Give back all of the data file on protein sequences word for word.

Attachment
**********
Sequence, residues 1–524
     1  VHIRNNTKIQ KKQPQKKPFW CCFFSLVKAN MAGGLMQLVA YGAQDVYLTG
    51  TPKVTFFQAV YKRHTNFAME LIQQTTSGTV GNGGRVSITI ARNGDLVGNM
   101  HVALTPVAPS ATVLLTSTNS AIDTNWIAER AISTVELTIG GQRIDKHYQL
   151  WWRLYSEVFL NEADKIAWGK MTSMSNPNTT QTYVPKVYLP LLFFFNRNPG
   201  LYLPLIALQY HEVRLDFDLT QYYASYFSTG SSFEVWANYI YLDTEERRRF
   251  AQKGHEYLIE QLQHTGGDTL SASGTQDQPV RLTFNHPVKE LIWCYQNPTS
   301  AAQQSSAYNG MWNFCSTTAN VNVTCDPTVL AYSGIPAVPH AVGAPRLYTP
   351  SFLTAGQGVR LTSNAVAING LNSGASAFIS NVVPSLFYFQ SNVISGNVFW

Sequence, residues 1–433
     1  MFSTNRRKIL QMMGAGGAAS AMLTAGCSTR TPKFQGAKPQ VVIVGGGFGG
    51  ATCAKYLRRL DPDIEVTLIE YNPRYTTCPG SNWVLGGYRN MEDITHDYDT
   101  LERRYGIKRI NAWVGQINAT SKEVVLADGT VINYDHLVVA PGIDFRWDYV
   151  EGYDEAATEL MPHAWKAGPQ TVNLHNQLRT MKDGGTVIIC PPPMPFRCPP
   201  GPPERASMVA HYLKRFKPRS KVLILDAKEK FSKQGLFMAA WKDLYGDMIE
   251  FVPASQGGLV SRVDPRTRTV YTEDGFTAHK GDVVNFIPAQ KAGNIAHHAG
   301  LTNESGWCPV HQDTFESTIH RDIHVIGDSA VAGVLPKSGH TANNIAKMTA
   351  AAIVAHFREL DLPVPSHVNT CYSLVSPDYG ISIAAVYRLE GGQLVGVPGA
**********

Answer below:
Sequence, residues 1–524
     1  VHIRNNTKIQ KKQPQKKPFW CCFFSLVKAN MAGGLMQLVA YGAQDVYLTG
    51  TPKVTFFQAV YKRHTNFAME LIQQTTSGTV GNGGRVSITI ARNGDLVGNM
   101  HVALTPVAPS ATVLLTSTNS AIDTNWIAER AISTVELTIG GQRIDKHYQL
   151  WWRLYSEVFL NEADKIAWGK MTSMSNPNTT QTYVPKVYLP LLFFFNRNPG
   201  LYLPLIALQY HEVRLDFDLT QYYASYFSTG SSFEVWANYI YLDTEERRRF
   251  AQKGHEYLIE QLQHTGGDTL SASGTQDQPV RLTFNHPVKE LIWCYQNPTS
   301  AAQQSSAYNG MWNFCSTTAN VNVTCDPTVL AYSGIPAVPH AVGAPRLYTP
   351  SFLTAGQGVR LTSNAVAING LNSGASAFIS NVVPSLFYFQ SNVISGNVFW

Sequence, residues 1–433
     1  MFSTNRRKIL QMMGAGGAAS AMLTAGCSTR TPKFQGAKPQ VVIVGGGFGG
    51  ATCAKYLRRL DPDIEVTLIE YNPRYTTCPG SNWVLGGYRN MEDITHDYDT
   101  LERRYGIKRI NAWVGQINAT SKEVVLADGT VINYDHLVVA PGIDFRWDYV
   151  EGYDEAATEL MPHAWKAGPQ TVNLHNQLRT MKDGGTVIIC PPPMPFRCPP
   201  GPPERASMVA HYLKRFKPRS KVLILDAKEK FSKQGLFMAA WKDLYGDMIE
   251  FVPASQGGLV SRVDPRTRTV YTEDGFTAHK GDVVNFIPAQ KAGNIAHHAG
   301  LTNESGWCPV HQDTFESTIH RDIHVIGDSA VAGVLPKSGH TANNIAKMTA
   351  AAIVAHFREL DLPVPSHVNT CYSLVSPDYG ISIAAVYRLE GGQLVGVPGA